New research reveals the color scheme of an extinct marine animal using fossilized skin pigment from three multi-million-year-old marine reptiles.
Previously, scientists could only guess what colors huge reptiles, such as mosasaurs and ichthyosaurs, had.
The unique soft tissue remains came from a 55 million-year-old leatherback turtle, an 85 million-year-old mosasaur, and a 196 to 190 million-year-old ichthyosaur.
“The most sensational aspect of the investigation is that it can now be established that these ancient marine reptiles were, at least partially, dark-colored in life, something that probably contributed to more efficient thermoregulation, as well as providing means for camouflage and protection against harmful UV radiation,” says Gareth Dyke, senior lecturer in vertebrate paleontology at the University of Southampton and a member of the research team.
The results of the study appear in the journal Nature.
The analyzed fossils are composed of skeletal remains, in addition to dark skin patches containing masses of micrometer-sized, oblate bodies. These microbodies were previously interpreted to be the fossilized remains of those bacteria that once contributed to the decomposition and degradation of the carcasses.
However, by studying the chemical content of the soft tissues, the scientists were able to show that they are in fact remnants of the animals’ own colors, and that the micrometer-sized bodies are fossilized melanosomes, or pigment-containing cellular organelles.
“The pigment melanin is almost unbelievably stable. Our discovery enables us to make a journey through time and to revisit these ancient reptiles using their own biomolecules,” says Per Uvdal, one of the co-authors of the study, and who works at the MAX IV Laboratory at Lund University in Sweden.
“Now, we can finally use sophisticated molecular and imaging techniques to learn what these animals looked like and how they lived.”
Mosasaurs (98 to 66 million years ago) are giant marine lizards that could reach nearly 50 feet in body length, whereas ichthyosaurs (250 to 94 million years ago) could become even larger. Both ichthyosaurs and mosasaurs died out during the Cretaceous Period, but leatherback turtles are still around today.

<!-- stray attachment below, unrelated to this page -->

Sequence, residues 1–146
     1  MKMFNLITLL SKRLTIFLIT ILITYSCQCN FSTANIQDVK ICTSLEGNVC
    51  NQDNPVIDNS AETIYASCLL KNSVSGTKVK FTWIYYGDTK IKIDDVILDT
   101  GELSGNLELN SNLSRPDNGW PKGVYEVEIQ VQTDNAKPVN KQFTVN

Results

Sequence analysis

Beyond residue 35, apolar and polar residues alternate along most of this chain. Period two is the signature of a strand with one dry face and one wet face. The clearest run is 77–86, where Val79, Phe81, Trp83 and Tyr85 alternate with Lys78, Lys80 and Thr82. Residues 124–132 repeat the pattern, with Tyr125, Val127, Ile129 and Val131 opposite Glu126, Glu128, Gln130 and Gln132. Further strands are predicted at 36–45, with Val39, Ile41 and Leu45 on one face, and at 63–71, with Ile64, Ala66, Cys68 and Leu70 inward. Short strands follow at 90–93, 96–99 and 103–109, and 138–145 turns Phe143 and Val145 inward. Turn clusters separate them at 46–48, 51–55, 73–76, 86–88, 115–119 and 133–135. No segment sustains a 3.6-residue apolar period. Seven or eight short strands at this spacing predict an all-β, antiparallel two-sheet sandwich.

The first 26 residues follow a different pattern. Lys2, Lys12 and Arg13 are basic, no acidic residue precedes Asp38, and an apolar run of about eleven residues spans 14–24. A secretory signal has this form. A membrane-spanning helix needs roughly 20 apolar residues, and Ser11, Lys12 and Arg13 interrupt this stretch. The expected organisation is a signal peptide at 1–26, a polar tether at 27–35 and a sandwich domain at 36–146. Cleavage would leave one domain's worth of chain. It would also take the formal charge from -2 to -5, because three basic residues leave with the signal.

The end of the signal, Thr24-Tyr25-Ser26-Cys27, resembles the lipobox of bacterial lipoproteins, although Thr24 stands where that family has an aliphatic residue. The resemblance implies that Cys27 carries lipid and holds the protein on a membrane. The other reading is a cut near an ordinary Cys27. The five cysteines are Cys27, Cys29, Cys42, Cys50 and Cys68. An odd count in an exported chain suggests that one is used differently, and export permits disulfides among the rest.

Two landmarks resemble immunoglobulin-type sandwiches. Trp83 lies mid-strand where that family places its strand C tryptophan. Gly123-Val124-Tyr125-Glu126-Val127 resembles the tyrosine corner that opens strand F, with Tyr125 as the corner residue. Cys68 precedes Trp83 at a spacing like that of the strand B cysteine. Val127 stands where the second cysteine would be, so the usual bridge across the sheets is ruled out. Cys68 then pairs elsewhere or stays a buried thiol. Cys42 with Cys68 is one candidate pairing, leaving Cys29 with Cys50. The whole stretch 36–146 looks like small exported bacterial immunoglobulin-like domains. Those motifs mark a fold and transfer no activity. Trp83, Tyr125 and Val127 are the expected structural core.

A noticeable feature of the living leatherback turtle, Dermochelys, is that it has an almost entirely black back, which probably contributes to its worldwide distribution. The ability of leatherback turtles to survive in cold climates has mainly been attributed to their huge size, but it has also been shown that these animals bask at the sea surface during daylight hours. The black color enables them to heat up faster and to reach higher body temperatures than had they instead been lightly colored.
“The fossil leatherback turtle probably had a similar color scheme and lifestyle as does Dermochelys. Similarly, mosasaurs and ichthyosaurs, which also had worldwide distributions, may have used their darkly colored skin to heat up quickly between dives,” says Johan Lindgren of Lund University and the leader of the research team that studied the fossils.
If the researchers’ interpretations are correct, then at least some ichthyosaurs were uniformly dark-colored in life, unlike most living marine animals. However, the modern deep-diving sperm whale has a similar color scheme, perhaps as camouflage in a world without light, or as UV protection, given that these animals spend extended periods of time at or near the sea surface in between dives.
The ichthyosaurs are also believed to have been deep-divers, and if their colors were similar to those of the living sperm whale, then this would also suggest a similar lifestyle.
Pigment analysis took place at SP Technical Research Institute of Sweden and the MAX IV Laboratory at Lund University.